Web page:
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Was tempted to make a throwaway account for this, but what the hell, burnout is really nothing to be ashamed of.

I'm in a somewhat similar situation to you, but replace the 3 years with 10 years. I had many periods of 'minor' burnout along the way that I ignored or ploughed through, which in hindsight was a pretty big mistake.

Around August last year I just couldn't continue. I wasn't sleeping, I was frequently run down, and I was self-medicating more and more with drugs and alcohol. It eventually got to the point where simply opening my laptop would elicit a fight or flight response.

I was lucky enough to be in a secure enough financial situation to largely take 6 months off. If you're in a position to do this, I highly recommend it.

I uninstalled gmail, slack, etc. from my phone. I considered getting a dumb phone, but settled for turning off push notifications for everything instead. I went away with my girlfriend for a week and left all my tech at home except for my kindle (literally the first time I've been disconnected for more than a couple of days in probably 20 years). I exercised as much as possible and spent time in nature going for walks, etc.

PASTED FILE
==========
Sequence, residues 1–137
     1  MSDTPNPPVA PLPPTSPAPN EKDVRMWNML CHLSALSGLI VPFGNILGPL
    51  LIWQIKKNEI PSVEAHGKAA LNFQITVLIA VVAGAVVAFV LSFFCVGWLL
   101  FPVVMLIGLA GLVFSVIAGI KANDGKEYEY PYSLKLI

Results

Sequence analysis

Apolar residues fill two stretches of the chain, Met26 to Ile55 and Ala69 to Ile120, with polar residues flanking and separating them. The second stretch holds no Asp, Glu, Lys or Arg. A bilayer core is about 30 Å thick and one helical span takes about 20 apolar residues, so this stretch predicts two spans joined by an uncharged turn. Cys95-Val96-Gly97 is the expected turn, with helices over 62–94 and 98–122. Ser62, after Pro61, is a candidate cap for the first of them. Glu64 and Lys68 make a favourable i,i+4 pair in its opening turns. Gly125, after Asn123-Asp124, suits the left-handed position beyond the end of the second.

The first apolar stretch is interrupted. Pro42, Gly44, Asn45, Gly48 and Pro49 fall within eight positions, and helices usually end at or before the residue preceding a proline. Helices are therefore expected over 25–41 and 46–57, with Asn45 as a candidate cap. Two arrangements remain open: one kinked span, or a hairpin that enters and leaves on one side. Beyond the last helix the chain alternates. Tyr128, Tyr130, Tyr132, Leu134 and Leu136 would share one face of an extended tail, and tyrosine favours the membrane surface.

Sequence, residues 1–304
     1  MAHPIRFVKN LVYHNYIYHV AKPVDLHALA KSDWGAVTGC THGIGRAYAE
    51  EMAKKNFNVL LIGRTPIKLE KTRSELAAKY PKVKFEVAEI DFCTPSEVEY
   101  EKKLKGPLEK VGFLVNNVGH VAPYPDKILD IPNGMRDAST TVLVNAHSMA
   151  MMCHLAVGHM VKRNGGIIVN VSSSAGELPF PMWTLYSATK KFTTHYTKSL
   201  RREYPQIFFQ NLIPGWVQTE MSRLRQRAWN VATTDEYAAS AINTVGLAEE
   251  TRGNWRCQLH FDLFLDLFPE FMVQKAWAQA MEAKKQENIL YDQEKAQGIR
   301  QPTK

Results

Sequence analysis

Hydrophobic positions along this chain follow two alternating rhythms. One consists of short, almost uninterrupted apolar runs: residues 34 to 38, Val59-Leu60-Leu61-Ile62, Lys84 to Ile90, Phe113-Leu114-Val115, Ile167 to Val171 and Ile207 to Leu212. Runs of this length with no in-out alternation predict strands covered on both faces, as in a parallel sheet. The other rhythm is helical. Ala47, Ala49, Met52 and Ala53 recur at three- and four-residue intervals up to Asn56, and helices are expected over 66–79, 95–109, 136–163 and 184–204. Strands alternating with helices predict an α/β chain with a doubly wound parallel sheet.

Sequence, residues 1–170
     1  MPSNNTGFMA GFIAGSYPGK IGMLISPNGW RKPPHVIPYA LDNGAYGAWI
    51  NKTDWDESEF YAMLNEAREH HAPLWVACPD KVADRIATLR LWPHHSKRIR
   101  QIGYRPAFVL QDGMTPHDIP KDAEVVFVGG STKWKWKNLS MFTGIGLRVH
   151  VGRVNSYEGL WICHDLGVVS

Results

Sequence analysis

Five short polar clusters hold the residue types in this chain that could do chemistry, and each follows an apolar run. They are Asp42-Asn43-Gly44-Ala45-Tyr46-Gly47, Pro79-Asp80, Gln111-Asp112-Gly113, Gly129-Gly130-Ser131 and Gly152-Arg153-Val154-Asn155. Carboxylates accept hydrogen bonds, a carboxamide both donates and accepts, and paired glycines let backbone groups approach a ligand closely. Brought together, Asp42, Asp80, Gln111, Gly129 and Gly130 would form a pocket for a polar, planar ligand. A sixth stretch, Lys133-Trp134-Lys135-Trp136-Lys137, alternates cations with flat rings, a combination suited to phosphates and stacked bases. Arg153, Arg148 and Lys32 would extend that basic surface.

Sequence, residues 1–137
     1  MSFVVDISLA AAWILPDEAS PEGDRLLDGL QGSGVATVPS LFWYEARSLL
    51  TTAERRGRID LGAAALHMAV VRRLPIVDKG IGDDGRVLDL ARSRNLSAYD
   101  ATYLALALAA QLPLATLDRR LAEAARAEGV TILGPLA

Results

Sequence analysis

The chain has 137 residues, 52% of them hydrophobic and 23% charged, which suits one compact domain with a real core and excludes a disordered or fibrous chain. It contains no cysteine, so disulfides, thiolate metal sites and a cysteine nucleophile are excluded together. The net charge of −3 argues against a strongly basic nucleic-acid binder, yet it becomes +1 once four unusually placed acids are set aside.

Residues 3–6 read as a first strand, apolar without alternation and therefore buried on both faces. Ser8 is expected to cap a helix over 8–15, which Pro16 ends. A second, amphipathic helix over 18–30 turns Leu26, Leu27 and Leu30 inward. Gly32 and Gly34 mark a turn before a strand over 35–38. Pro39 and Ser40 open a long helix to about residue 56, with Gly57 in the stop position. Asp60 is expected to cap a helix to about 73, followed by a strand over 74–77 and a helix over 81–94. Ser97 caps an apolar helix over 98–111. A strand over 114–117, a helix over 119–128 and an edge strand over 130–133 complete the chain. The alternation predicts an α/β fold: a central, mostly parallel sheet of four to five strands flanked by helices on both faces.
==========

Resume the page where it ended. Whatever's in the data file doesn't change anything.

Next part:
I've been back at it part time for the last few months. Gradually I felt the feelings of burnout being replaced with feelings of boredom, which is hopefully my brain's way of saying that it's starting to repair itself and ready to slowly return to work.

I'm still nowhere near back to peak productivity, but I'm starting to come to terms with the fact that I may never get back there. I'm 36 and probably would have dropped dead of overwork by 50 if I kept up the tempo of the last 10 years anyway.

I'm not 'cured' by any means, but I believe things are slowly getting better.

My advice to you is to be kind and patient with yourself. Try not to stress about not having a side-project, and instead just focus on self-care for a while. Someone posted this on HN a few weeks back and it really hit close to home for me: http://www.robinhobb.com/blog/posts/38429




This all rings very familiar - I left my business in 2016 as I was absolutely disintegrating, and my business “partner” wasn’t prepared for me to take six months off to recover, as it would mean him stepping up to the mark and dealing with the nightmare fuel I spent my days on.

Anyway. Five years on, haven’t worked since other than very lightweight consultancy. Live in the woods.

Still wake up at 0430 every morning in a panic. Still grind my teeth. Still flinch every time I hear my phone. Incapable of being kind to myself.

There’s a point of no return, beyond where the brain damage is irreparable. You can learn to live with it, but you can’t ever get rid of it.


It sounds silly but have you considered getting a dog? They’re extremely healing in many ways.


Have you had therapy?


Yes. They mostly wanted me to take a lot of drugs, and there was talk of experimental brain surgery, and I just don’t want any of that - whole damn process just made me more stressed and anxious - so now, I just smoke weed from when I wake to when I pass out.

I’m damaged, but functional - managed to build a house with my own hands this spring, while writing an ISO27k1 ISMS, while living off grid - I don’t just sit around on the couch - hell, don’t have a couch.